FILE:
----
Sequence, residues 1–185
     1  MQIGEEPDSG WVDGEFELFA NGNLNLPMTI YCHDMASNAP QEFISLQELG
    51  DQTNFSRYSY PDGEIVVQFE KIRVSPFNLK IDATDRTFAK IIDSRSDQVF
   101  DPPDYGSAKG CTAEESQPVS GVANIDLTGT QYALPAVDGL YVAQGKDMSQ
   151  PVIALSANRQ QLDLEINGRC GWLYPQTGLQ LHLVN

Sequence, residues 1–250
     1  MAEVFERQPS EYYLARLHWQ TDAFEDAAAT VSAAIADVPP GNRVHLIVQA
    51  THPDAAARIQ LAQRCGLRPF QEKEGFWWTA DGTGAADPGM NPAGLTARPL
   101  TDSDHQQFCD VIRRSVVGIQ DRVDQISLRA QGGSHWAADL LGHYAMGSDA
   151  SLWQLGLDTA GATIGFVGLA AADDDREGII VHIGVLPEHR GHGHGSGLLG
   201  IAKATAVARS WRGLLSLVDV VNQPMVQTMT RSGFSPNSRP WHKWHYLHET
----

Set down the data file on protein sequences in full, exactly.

Sequence, residues 1–185
     1  MQIGEEPDSG WVDGEFELFA NGNLNLPMTI YCHDMASNAP QEFISLQELG
    51  DQTNFSRYSY PDGEIVVQFE KIRVSPFNLK IDATDRTFAK IIDSRSDQVF
   101  DPPDYGSAKG CTAEESQPVS GVANIDLTGT QYALPAVDGL YVAQGKDMSQ
   151  PVIALSANRQ QLDLEINGRC GWLYPQTGLQ LHLVN

Sequence, residues 1–250
     1  MAEVFERQPS EYYLARLHWQ TDAFEDAAAT VSAAIADVPP GNRVHLIVQA
    51  THPDAAARIQ LAQRCGLRPF QEKEGFWWTA DGTGAADPGM NPAGLTARPL
   101  TDSDHQQFCD VIRRSVVGIQ DRVDQISLRA QGGSHWAADL LGHYAMGSDA
   151  SLWQLGLDTA GATIGFVGLA AADDDREGII VHIGVLPEHR GHGHGSGLLG
   201  IAKATAVARS WRGLLSLVDV VNQPMVQTMT RSGFSPNSRP WHKWHYLHET